The paper empirically examines the implementation record of international financial regulation of the banking sector. The study finds that the size of the banking sector and the presence of global systemically important banks (G-SIBs) are positively associated with a stronger implementation record. These results suggest that cooperative motives of internalising externalities, creating a level playing field and preserving financial stability play a role in explaining the implementation record. We find evidence that this cooperative behaviour may be driven by the self-interest of global players as the positive record is particularly strong in countries where large banking sectors and big banks are both present, and where regulation only applies to large players. Sectoral concentration, bank health and the share of foreign ownership yield more mixed results as regards their impact on implementation.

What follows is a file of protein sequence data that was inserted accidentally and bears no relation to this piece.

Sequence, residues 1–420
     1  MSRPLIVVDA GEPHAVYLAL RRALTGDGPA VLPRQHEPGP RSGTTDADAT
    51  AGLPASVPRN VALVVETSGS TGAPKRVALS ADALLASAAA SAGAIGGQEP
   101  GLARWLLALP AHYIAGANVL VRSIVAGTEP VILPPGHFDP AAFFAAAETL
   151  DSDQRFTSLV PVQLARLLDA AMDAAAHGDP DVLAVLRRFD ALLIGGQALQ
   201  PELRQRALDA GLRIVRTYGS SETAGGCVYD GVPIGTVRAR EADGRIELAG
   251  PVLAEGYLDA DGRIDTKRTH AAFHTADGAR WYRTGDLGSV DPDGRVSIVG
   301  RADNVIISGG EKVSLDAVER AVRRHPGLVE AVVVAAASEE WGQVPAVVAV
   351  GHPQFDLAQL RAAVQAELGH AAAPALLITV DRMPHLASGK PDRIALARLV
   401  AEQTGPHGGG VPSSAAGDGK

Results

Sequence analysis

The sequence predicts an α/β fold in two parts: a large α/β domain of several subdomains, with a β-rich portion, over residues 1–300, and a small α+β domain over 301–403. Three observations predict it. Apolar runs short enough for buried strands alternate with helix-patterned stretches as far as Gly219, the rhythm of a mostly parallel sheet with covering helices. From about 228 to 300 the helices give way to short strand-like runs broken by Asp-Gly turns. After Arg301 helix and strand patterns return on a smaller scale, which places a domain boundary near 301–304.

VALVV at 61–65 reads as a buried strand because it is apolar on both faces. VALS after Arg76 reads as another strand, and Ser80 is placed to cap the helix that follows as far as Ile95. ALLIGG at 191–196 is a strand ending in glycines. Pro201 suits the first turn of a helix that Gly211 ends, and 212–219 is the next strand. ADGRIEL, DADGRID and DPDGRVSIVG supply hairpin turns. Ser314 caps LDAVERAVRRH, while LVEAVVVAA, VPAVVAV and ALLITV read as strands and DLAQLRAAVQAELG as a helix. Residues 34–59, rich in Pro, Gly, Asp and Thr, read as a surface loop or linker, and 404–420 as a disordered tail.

Transmission of Market Orders Through Communication Line With Relativistic Delay
Lerner , Peter
The notion of “relativistic finance” became ingrained in public imagination and has been asserted in many mass-media reports. Yet, despite an observed drive of the most reputable Wall Street firms to establish their servers ever closer to the trading hubs, there is surprisingly little “hard” information related to relativistic delay of the trading orders. In this paper, the author uses modified M/M/G queue theory to describe propagation of the trading signal with finite velocity.